What is scanning speed, and is it essential for a reader pen?
Besides the look, feel, and features, a reader pen is also evaluated by its technical specifications. One of them is scanning speed and what font sizes it can handle. But it’s a good idea not to fixate too much on just the specifications because a useful reader pen is a complex product where both software and hardware work together to create a helpful tool that can aid people in reading, learning, and understanding.
Sensor resolution and scanning methods
A reader pen usually doesn’t need a very high scanning sensor resolution to work well. On the contrary, a high resolution demands more of the pen’s processing power. A standard C-Pen manages to read a font size of 5-22 points. It could handle a font size as small as 3 points with a higher resolution, but that usually is smaller than any printed text. More important than the scanning sensor resolution is how many dots per inch (DPI) it can manage. This value depends on what scanning technology the pen uses.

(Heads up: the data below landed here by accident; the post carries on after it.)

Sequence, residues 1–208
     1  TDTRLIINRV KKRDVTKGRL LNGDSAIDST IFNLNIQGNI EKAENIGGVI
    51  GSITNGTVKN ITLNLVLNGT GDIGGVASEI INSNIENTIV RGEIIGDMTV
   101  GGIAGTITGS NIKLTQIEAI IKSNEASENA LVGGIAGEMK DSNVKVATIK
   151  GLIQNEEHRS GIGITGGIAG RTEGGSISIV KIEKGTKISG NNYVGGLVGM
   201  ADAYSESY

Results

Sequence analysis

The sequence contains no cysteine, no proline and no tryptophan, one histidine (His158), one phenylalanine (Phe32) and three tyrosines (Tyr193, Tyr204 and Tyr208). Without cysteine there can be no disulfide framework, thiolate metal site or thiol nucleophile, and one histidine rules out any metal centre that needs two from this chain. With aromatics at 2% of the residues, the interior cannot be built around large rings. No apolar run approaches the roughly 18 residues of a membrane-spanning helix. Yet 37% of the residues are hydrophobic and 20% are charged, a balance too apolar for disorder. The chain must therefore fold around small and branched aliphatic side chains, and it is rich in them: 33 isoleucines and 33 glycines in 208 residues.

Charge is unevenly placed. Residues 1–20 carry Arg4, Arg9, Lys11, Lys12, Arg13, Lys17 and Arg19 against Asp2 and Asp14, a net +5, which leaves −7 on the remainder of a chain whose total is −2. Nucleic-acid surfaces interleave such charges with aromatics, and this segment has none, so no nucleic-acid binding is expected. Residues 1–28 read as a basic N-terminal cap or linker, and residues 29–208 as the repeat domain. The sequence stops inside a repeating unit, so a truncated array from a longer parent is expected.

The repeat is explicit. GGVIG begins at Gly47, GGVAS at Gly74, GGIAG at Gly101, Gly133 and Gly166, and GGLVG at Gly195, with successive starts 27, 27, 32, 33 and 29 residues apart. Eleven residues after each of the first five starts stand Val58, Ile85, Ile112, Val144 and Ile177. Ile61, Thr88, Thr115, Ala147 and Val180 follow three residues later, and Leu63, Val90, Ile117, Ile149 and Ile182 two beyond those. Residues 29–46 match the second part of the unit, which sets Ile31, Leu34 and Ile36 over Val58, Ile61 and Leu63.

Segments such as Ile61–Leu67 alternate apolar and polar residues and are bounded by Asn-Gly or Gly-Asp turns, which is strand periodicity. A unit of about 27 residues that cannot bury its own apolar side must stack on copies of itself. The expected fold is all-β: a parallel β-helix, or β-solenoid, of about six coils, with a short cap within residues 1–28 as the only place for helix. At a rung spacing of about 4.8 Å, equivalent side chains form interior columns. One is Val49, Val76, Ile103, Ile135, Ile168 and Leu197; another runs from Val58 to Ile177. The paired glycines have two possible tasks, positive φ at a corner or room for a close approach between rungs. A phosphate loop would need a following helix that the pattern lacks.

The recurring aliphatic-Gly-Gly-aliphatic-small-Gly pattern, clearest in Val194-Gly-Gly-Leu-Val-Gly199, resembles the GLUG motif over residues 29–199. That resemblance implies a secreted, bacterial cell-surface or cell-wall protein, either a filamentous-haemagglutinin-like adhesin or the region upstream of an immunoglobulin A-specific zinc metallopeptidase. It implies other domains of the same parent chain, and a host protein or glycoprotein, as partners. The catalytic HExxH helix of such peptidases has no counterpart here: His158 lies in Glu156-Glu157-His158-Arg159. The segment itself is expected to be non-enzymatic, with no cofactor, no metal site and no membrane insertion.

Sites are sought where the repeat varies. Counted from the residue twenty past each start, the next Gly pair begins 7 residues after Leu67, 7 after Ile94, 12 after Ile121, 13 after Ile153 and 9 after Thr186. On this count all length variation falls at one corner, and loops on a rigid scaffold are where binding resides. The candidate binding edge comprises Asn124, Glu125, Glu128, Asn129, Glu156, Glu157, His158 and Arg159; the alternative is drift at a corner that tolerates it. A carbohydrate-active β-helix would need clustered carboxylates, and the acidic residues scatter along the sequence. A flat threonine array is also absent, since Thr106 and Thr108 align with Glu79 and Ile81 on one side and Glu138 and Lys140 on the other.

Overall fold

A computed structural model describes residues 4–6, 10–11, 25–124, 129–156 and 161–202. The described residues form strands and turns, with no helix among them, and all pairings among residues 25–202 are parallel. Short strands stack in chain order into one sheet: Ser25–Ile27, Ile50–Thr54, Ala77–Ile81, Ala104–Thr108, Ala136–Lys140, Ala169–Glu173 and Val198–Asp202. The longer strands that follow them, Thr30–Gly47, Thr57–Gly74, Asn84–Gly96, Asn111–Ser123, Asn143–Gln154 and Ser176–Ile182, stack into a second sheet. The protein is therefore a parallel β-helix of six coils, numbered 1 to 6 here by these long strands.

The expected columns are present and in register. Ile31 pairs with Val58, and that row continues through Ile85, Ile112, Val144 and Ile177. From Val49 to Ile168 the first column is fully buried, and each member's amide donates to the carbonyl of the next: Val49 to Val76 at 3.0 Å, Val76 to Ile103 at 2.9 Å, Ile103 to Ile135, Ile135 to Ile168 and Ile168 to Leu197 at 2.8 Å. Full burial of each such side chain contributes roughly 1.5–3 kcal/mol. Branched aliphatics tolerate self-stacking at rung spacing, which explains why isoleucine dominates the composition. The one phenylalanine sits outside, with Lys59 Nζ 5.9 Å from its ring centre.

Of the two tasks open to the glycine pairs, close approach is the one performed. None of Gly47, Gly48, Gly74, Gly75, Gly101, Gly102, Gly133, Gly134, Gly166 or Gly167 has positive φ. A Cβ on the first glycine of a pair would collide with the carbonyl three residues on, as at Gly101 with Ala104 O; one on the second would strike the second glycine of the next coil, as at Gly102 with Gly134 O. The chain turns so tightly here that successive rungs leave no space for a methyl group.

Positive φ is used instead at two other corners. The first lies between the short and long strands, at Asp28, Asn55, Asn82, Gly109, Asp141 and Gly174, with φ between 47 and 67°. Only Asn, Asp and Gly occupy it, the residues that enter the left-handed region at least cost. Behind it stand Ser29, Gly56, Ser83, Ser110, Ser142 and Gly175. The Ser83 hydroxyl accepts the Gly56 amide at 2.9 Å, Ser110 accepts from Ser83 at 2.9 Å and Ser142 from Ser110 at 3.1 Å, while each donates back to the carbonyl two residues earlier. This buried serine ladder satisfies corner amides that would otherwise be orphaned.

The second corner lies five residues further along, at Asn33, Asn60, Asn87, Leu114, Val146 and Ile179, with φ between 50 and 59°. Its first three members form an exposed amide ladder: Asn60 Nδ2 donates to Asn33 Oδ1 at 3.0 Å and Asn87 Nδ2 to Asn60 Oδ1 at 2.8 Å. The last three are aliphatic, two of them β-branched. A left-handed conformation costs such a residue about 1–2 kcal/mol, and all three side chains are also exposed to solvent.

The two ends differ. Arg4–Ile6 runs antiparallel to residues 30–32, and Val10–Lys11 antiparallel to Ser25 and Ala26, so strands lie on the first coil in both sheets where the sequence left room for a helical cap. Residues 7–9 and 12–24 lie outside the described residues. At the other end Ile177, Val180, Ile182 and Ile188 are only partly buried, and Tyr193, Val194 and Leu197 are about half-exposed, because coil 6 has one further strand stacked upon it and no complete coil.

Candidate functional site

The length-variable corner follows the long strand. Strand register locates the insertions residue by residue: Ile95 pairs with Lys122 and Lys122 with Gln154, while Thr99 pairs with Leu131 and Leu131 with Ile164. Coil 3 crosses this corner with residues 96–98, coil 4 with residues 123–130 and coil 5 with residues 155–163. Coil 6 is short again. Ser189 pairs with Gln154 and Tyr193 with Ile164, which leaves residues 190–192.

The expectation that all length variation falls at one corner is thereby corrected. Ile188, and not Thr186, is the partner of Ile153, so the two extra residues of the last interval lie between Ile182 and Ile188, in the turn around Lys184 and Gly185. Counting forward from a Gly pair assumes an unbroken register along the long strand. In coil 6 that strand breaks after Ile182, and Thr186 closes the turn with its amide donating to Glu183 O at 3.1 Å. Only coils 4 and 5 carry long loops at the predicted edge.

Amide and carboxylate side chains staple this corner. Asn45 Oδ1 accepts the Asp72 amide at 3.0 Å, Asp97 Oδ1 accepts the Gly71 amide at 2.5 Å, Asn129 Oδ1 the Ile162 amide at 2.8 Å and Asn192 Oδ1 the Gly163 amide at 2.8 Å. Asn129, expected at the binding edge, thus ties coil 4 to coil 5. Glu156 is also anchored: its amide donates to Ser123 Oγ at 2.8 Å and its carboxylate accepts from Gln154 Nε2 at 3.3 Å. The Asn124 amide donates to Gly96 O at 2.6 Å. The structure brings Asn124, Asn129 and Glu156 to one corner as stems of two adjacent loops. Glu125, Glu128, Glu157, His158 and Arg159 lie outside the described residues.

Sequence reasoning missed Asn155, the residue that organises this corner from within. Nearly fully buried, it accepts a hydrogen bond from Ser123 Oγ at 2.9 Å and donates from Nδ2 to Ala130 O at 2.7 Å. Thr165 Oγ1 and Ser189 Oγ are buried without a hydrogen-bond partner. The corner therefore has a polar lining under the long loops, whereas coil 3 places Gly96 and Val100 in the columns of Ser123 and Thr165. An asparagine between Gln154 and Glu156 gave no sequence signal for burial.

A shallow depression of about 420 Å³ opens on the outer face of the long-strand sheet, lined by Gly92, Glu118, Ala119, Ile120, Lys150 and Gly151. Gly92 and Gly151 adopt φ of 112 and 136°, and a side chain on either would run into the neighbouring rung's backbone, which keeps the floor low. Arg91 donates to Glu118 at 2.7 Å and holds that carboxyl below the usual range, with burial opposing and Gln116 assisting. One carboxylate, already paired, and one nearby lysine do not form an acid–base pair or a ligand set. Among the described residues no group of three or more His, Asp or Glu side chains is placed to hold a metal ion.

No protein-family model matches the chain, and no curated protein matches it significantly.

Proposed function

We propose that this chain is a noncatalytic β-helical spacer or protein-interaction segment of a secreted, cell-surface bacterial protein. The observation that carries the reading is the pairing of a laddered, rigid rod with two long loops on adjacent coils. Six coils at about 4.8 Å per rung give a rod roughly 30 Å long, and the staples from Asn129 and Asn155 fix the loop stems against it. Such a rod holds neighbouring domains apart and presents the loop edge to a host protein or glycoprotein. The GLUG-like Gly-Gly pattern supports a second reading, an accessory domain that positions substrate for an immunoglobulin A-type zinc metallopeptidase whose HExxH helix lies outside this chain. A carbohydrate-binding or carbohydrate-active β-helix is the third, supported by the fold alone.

When scanning text with a reader pen, you move it over the page, line by line. Some pen scanners use a line sensor like an ordinary flatbed scanner. To measure how fast you move the pen, it uses small wheels at the tip of the pen. In some cases, it uses an algorithm instead of wheels to estimate the speed, which can cause problems when scanning at a faster pace. The most robust way is to use a two-dimensional sensor. The pen can then create a correct image by analysing how fast and in what direction the text moves.
Processing power and scanning speed
Overall, the reading pen’s ability to scan and interpret text depends on many factors. Besides font size, it’s affected by lighting conditions, the imaging ability to manage the background noise from a text page that isn’t white. Much of the reader pens capabilities depend on the firmware’s robustness and implementation rather than the physical parts.
Another factor that decides the scanning speed is the processing power. If the scanning pen can manage a high frame rate, it can go faster. For example, a reader pen connected to a computer uses its processing power and can thereby handle a higher frame rate. But on the other hand, if you try to scan very fast, your movements tend to be inaccurate, which will influence the ability to interpret the text. Fast scanning speeds look good in the technical specifications, but is only beneficial to a certain point. It is more important to focus on the user’s challenges when developing the pen to make it a helpful tool from a learning perspective.